The Dragonfly2 cameras have a 12bit ADC, so they support RAW8 and RAW16 modes. RAW8 sends 8bits per pixel, and RAW16 16bits per pixel. We have added the RAW16 mode to icubmoddev to support RAW16, and debayering on the PC104 computer.
The RAW16 mode should get the highest possible quality out of the cameras, but you need to adjust brightness, contrast, white balance, etc, on your software. (The normal adjustments in the framegrabber program tell the camera how to apply the debayer pattern and then transfer RGB data or YUV data).
The bandwidth needed for these RAW modes is:
RAW8: 640 * 480 * 1 * 30 * 8 / 1024 / 1024 = 70.3 Mbits/sec per camera RAW16: 640 * 480 * 2 * 30 * 8 / 1024 / 1024 = 140.6 Mbits/sec per camera
The dragonfly2 camera supports up to 60fps. The bandwidth of the firewire bus is enough for 1 camera at 60fps at 640x480 using RAW16, and for two cameras at 60fps 640x480 using RAW8.
2. Ethernet bandwidth
The iCub has one gigabit ethernet connection to the PC104 computer, so we have 1000Mbps available.
icubmoddev converts the images to RGB8 before sending them on the network using yarp, so you need 3 bytes/pixel always.
RGB8: 640 * 480 * 3 * 30 * 8 / 1024 / 1024 = 210.93 Mbits/sec per camera
For two cameras at 640x480 @ 30fps we are sending 421Mbits/sec. Serializing all this data uses a lot of CPU power!
3. CPU consumption
The most efficient camera mode from the CPU point of view is RGB8 since icubmoddev only does a memcpy from the camera buffer to the internal buffer.
The YUV mode does a mode conversion (YUV422->RGB8) before doing the memcpy.
The RAW8 and RAW16 modes apply a debayer pattern before doing the memcpy.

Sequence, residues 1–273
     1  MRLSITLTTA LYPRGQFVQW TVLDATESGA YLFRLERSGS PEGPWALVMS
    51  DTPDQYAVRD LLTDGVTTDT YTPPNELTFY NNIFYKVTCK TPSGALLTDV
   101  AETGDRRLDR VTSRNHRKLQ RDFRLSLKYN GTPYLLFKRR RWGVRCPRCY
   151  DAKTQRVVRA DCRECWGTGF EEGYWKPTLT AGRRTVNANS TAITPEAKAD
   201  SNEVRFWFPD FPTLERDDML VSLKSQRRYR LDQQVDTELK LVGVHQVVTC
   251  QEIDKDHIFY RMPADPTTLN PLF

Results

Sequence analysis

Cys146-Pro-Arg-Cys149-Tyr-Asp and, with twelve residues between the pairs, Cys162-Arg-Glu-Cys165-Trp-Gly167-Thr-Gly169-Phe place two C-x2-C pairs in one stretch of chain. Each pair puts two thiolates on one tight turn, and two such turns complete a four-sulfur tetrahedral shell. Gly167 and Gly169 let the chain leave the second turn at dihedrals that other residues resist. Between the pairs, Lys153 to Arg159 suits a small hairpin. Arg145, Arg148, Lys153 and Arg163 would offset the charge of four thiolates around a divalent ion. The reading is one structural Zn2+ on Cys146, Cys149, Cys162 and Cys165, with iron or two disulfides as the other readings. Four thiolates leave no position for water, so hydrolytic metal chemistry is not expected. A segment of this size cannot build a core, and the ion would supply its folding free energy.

The mode we leave:
We were looking for a nice balance between all of these limitations, so we set the cameras like this:
Resolution: 640x480 Format: Format7 0 Color-coding: RGB8
We leave the framerate setting empty, because in Format7, the framerate is automatically selected to use the maximum bandwidth. The package data size is set to 44%, so that even including a little overhead, two cameras share almost all the bandwidth. The resulting framerate is 19fps.
Framerate = 19fps
The CPU usage for the icubmoddev process for each camera is ~ 30-40%.
The Network bandwidth is: 133.6Mbps per camera.
So we are using 267Mbps for both cameras, or 26.7% of the gigabit ethernet bandwidth.
Camera calibration parameters
We also adjusted the camera calibration parameters in the XML file used by the 'camcalib' program. We recommend people to use the ports:
Since the camcalib software runs on another computer, we avoid having multiple connections getting camera images from the robot.
What we would like best is that the PC104 computer receives RAW8 (or RAW16) data and sends it as it is on the network, thus reducing network bandwidth and the CPU cost for serializing the images to put them on the network. The clients should then apply the debayer function on their own. (Or this could be done transparently on the FrameGrabber interface, as suggested by Lorenzo.
Finally managed to calibrate the cameras of the iCub at 640x480 and get precise values
from the artoolkit program. More light is good! A flat CalTab is important! Vvv10_camera_calibration
Also got the kinematic tree of the iCub loaded, managed to detect the markers at a useful distance
and tested the marker to world coordinate transformations.
Many images related to the team are on the flickr gallery: